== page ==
How do I Create a Cookie?

<?php
$name = "myCookie";
$value = "hello world!";
$expires = time() + 60 * 60 * 24; //1 day
$path = "/";
$domain = "yourwebsite.com";
$secure = 0; //0 for false, 1 for true
$httponly = 0; //0 for false, 1 for true

//let's tell the browser to create our cookie
setcookie($name, $value, $expires, $path, $domain, $secure, $httponly);

//let's make a cookie array too
setcookie("cookieArray[0]", "A");
setcookie("cookieArray[1]", "B");
setcookie("cookieArray[2]", "C");

//you must refresh the page before your new cookies are visible
echo "refresh the page to see your cookies: " . $_COOKIE['myCookie'];

//this will loop through and display your array cookies
foreach ($_COOKIE['cookieArray'] as $key => $value)
{
 echo "<br/>array cookie $key => $value";
}
?>

In this first example we’ve created a cookie called myCookie that stores the value of hello world! In order to see something printed on the screen you must refresh the page. This is because the HTTP headers must be sent from the server to your browser and then from your browser back to the server before they show up in the $_COOKIE variable.

Expires is an optional value that tells the browser how long to keep our cookie before it deletes it. By using the current time() and then adding on an extra 24 hours our cookie will only stick around for a day before the browser deletes it. So in this example if your cookie is created at today at 12noon EST it will expire tomorrow at 12noon EST. When your cookie is expired you’ll have to create a new one if you want to store your $value again.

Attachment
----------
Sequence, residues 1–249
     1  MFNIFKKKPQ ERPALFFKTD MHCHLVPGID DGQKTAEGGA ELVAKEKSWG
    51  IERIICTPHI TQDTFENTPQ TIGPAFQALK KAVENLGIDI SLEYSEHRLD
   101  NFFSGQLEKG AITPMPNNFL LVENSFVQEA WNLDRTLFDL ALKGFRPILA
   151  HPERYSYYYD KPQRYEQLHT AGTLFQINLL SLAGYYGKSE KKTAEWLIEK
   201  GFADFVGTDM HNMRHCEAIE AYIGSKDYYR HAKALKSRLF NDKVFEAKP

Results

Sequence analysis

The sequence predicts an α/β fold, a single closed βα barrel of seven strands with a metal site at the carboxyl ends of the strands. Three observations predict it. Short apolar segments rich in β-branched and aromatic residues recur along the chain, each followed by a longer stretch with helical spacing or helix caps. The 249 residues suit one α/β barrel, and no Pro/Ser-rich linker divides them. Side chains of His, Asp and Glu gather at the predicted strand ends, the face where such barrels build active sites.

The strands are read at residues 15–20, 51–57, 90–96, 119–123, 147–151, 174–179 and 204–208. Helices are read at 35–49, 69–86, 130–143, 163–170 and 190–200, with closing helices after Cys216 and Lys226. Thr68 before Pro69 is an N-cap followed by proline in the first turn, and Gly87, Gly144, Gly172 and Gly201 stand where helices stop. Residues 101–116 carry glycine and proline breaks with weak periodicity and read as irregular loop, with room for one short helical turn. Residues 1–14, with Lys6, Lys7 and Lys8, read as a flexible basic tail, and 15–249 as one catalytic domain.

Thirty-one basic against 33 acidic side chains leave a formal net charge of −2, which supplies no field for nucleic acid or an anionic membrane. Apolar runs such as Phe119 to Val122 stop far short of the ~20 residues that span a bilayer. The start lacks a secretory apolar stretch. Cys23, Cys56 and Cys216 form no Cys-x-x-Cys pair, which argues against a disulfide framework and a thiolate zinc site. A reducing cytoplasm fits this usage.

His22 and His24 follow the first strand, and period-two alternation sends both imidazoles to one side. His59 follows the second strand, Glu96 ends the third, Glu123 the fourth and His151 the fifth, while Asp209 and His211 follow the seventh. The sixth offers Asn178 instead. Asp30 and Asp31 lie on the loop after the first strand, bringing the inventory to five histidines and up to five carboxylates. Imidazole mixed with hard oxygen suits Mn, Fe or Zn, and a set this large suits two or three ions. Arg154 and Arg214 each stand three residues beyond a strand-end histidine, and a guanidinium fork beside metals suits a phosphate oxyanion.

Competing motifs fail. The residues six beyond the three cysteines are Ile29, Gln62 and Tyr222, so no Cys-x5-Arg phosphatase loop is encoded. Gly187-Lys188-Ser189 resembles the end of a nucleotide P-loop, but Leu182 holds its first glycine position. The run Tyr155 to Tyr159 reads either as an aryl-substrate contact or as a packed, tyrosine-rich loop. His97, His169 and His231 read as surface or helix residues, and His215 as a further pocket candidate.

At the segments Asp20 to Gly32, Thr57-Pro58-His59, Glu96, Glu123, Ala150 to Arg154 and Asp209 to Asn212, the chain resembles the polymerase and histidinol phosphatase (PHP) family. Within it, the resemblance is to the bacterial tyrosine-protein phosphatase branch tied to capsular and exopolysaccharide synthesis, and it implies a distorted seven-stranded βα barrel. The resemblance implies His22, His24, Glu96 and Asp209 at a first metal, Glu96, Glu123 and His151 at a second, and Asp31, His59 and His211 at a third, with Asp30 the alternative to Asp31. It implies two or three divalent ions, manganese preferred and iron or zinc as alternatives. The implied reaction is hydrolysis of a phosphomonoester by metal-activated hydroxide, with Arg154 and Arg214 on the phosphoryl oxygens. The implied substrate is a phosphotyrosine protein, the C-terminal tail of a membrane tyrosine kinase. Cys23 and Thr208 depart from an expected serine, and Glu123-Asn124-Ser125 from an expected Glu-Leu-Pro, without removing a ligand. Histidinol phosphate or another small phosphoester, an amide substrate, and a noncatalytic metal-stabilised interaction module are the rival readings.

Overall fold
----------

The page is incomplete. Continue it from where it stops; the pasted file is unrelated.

Next we’ve set a path for our cookie. This is also an optional field and will default to / if you don’t give it a value. This tells the browser where this cookie will be available. So let’s say your website is http://yourwebsite.com and you only want this cookie to be available when you’re inside the http://yourwebsite.com/users/ section or your website. If that were the case we’d change the path to /users/ and then our cookie will only be accessible when we’re in the users directory. When we leave the path at / it means our cookie is available on any part of the domain we’ve given it.